Late medieval limewood sculptors in SouthGermany, of whom Tilman Riemenschneider was one of the most gifted, adopted the practice of allowing the sculptures of large altarpieces to go unpainted. They chose instead to stain a few details in black, such as the eyes in this figure, and to finish the surface with a clear glaze. The lack of attributes makes the identification of this bishop uncertain, but his seated position may indicate that he represents one of the four Church Fathers, either Saint Augustine or Saint Ambrose, the only two with the rank of bishop. The scale and the positioning of the head indicate that the figure occupied the left side of a central shrine of a small altarpiece possibly dedicated to these early leaders of the Church. Although it is actually a high relief, this sculpture conveys a striking sense of volume through a rich play of interconnecting curves. The sensitive and descriptive rendering of the elderly face achieves both psychological depth and spiritual weight.
Count Hans Wilczek, Burg Kreuzenstein, Austria ; [ Ruth and Leopold Blumka, New York (sold 1970)]
The Metropolitan Museum of Art. Notable Acquisitions (Metropolitan Museum of Art) no. 1965/1975 (1975). p. 151.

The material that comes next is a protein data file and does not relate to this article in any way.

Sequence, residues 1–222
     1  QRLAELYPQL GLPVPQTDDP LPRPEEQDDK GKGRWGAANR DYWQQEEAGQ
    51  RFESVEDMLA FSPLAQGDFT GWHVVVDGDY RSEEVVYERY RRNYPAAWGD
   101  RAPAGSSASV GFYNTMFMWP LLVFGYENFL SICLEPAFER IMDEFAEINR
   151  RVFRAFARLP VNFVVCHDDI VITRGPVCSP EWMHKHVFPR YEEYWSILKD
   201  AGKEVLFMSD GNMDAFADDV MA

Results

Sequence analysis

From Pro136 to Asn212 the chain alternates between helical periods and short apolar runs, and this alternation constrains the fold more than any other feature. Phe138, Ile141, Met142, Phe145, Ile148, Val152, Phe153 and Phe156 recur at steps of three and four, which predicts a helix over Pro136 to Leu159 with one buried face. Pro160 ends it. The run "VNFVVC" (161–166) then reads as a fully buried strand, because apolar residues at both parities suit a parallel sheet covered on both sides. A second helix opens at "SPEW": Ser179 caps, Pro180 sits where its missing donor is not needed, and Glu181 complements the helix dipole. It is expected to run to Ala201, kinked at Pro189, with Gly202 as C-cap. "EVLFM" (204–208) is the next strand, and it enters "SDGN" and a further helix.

Nostitz, Charles E. von. "Two Unpolychromed Riemenschneiders at The Cloisters." Metropolitan Museum Journal 10 (1975). pp. 51-61, fig. 2, 4, 9.
The Metropolitan Museum of Art. The Metropolitan Museum of Art Guide, edited by Kathleen Howard. New York: The Metropolitan Museum of Art, 1983. no. 35, pp. 374-75.
Wixom, William D. "Medieval Sculpture at The Cloisters." The Metropolitan Museum of Art Bulletin, n.s., 46, no. 3 (Winter 1988-1989). p. 28.
The Metropolitan Museum of Art. The Metropolitan Museum of Art Guide, edited by Kathleen Howard. 2nd ed. New York: The Metropolitan Museum of Art, 1994. no. 35, pp. 409-10.
Kalden-Rosenfeld, Iris. Tilman Riemenschneider: The Sculptor and His Workshop. Königstein im Taunus: Karl Robert Langewiesche Nachfolger, 2004. no. 21, pp. 3, 128–29, fig. 3, 177.
Marincola, Michele. "Riemenschneider's Use of the Decorative Punch in Unpolychromed Sculpture." In Tilman Riemenschneider, c. 1460-1531. Washington, D.C.: National Gallery of Art, 2004. p. 134.
Barnet, Peter, and Nancy Y. Wu. The Cloisters: Medieval Art and Architecture. New York and New Haven: The Metropolitan Museum of Art, 2005. no. 103, pp. 141–42, 198.
Barnet, Peter, and Nancy Y. Wu. The Cloisters: Medieval Art and Architecture. 75th Anniversary ed. New York and New Haven: The Metropolitan Museum of Art, 2012. pp. 148-149.
The Metropolitan Museum of Art. The Metropolitan Museum of Art Guide. New Haven, CT: Yale University Press, 2012. p. 215.